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Capital Gains Tax in Kenya

What is a Capital Gain?

A capital gain is the difference between the acquisition price and the selling price of anything including a capital item. It is the appreciation in the value of the item from the time it was bought to the time of selling it.

Hence, a capital gain in a property is the difference between the selling price and the cost of the property.

Actual cost of the property

The cost of the property is up to and including the costs of current sales transaction. Therefore, the costs of the property up to the selling point are:

  1. Cost of property (property buying price plus expenses incurred when buying the property (legal fees, brokerage fees, property search etc.).
  2. Incidental costs incurred to maintain the property up to the point of taking the property to the market.
  3. Expenses incurred in the market selling the property (legal fees, advertisements fees, brokerage fees).

What are incidental costs?

Incidental costs are the costs that the current owner of the property has incurred from the day they acquired the property up to the point of taking the property to the market. These are costs that have been incurred to maintain the property throughout the years.

The costs have been incurred to maintain or improve the property. Examples of some of the incidental costs that are incurred are:

  1. Land rates.
  2. Land rent.
  3. Security for the property.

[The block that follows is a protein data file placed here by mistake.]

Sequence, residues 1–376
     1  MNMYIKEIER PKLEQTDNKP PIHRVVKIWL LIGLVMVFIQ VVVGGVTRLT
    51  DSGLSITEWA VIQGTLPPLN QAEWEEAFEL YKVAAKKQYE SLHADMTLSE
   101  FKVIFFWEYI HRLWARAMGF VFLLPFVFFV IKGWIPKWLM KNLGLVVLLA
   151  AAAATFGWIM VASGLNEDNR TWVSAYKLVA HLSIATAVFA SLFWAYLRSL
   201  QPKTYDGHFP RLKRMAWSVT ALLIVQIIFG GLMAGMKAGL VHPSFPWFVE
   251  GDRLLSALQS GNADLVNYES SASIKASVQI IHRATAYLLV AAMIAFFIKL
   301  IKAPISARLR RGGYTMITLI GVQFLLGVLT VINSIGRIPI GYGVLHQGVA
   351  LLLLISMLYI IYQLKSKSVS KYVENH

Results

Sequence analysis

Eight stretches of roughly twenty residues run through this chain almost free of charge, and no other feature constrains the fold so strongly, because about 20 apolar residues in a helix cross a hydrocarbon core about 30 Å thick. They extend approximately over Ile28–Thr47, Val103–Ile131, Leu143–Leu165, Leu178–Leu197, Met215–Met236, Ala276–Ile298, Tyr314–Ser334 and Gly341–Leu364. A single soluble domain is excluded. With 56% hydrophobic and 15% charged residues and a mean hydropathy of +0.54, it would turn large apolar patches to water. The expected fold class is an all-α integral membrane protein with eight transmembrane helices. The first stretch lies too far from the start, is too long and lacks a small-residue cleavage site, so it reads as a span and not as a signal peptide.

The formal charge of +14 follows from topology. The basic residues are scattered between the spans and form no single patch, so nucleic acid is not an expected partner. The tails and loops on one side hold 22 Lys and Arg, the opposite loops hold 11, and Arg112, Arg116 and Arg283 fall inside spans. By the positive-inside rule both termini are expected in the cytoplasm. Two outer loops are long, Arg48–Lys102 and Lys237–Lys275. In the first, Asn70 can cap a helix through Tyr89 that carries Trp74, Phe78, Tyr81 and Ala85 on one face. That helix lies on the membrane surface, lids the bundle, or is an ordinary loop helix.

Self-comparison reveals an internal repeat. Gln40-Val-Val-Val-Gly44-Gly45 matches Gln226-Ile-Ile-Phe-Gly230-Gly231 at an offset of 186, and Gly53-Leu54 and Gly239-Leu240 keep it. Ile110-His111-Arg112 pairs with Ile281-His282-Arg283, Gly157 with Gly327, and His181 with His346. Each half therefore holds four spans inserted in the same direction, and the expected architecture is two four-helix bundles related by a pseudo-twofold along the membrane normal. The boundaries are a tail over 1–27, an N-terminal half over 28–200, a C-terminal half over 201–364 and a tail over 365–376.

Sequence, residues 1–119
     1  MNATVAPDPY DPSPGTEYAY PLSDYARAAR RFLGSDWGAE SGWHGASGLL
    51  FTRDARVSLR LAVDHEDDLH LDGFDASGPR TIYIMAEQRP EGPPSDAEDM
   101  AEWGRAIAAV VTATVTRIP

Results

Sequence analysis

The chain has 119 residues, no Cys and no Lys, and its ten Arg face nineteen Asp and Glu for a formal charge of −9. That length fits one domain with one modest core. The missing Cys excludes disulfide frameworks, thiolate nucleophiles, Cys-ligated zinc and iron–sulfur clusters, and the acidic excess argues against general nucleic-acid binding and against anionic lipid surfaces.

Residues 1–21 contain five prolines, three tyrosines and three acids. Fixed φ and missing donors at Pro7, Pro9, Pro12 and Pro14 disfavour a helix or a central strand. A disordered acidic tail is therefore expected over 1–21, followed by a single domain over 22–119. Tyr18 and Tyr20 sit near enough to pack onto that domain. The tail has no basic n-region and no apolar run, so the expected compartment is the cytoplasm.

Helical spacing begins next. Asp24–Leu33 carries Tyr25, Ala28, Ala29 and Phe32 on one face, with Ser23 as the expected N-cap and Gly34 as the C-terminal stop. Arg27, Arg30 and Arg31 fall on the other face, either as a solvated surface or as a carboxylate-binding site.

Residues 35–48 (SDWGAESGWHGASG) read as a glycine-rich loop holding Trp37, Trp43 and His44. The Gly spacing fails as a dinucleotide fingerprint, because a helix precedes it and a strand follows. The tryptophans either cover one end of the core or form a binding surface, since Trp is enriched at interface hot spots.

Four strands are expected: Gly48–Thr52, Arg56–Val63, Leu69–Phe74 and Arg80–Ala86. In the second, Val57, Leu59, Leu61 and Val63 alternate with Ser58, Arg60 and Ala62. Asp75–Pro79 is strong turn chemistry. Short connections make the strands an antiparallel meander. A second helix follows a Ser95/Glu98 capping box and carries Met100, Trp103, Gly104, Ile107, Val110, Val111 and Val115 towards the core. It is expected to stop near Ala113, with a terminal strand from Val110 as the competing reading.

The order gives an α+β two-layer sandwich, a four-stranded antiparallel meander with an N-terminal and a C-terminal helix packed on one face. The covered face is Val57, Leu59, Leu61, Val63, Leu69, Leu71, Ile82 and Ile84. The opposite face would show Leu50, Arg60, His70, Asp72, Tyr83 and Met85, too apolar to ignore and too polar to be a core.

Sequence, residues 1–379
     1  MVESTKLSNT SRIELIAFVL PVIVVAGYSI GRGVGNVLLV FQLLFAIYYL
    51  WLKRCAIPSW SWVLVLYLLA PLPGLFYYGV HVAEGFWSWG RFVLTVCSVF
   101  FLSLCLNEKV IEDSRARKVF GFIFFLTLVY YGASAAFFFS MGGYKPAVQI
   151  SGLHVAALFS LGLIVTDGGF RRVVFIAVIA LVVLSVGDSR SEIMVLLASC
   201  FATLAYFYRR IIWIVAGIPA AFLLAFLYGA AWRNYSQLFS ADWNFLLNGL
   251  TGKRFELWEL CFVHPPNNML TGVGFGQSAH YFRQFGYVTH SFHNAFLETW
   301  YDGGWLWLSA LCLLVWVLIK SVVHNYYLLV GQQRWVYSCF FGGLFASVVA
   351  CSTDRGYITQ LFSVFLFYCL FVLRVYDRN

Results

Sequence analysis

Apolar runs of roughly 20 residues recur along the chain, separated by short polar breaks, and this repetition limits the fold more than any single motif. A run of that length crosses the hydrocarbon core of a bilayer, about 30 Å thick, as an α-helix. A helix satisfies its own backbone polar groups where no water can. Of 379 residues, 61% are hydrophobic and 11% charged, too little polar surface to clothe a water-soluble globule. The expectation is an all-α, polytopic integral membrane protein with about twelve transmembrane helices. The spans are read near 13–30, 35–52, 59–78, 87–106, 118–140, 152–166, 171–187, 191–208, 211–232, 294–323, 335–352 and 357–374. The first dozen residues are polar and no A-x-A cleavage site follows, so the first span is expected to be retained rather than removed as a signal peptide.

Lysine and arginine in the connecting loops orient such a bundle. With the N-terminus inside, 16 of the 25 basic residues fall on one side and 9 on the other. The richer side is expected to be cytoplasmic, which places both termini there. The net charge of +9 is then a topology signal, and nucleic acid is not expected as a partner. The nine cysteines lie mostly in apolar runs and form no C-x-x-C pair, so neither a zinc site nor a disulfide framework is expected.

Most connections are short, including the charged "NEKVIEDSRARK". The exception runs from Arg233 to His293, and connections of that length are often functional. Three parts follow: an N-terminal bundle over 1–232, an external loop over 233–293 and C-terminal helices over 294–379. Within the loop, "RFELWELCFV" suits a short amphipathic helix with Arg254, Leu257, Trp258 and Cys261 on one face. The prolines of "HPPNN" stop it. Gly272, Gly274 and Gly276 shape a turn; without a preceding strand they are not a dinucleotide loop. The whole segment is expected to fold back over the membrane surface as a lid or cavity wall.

4. Labor expenses (e.g to keep the compound clean).
  5. Supervision expenses such as fuel costs, phone expenses.
  6. Costs of any improvements such as fencing costs.
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What is the selling price?

The selling price is the current market value of the piece of land. It is actually the arm’s length price.

What is the actual capital gain?

The actual capital gain can be either of the following:

  1. Positive – where the selling price is more than the acquisition price.
  2. Negative – where the selling price is lower than the acquisition price.
  3. Zero – where the selling price is equal to the acquisition price.

What is capital gains tax?

Capital gains tax is the tax on the capital gain. It is only applicable when the actual capital gain is positive. When there a negative capital gain, the loss may be carried forward to be utilized in similar transactions.

What is the capital gains tax rate in Kenya?

The capital gains tax rate in Kenya is 5 % effective from 1st January 2015 according to the Finance Act 2014. Transfer of land, buildings and securities (with exceptions) attracts tax at the rate of 5 %. The tax is payable by the 20th of the month after the transaction. It is the responsibility of the transferor to make the tax payment. There are no tax returns.

What properties attract capital gains in Kenya?

There are three types of properties that attract capital gains tax. These are:

  1. Land
  2. Buildings

Capital gains tax in the extractive industry

Transfers in the extractive industry (mining and petroleum industry) also attracts the tax at the rate of 30 % for residents and 37.5 % for non- residents with permanent establishments in Kenya. The transferor has the responsibility of making the tax payments.

Is capital gains tax a final tax in Kenya?

In Kenya, capital gains tax is a final tax.

When is capital gains tax applicable?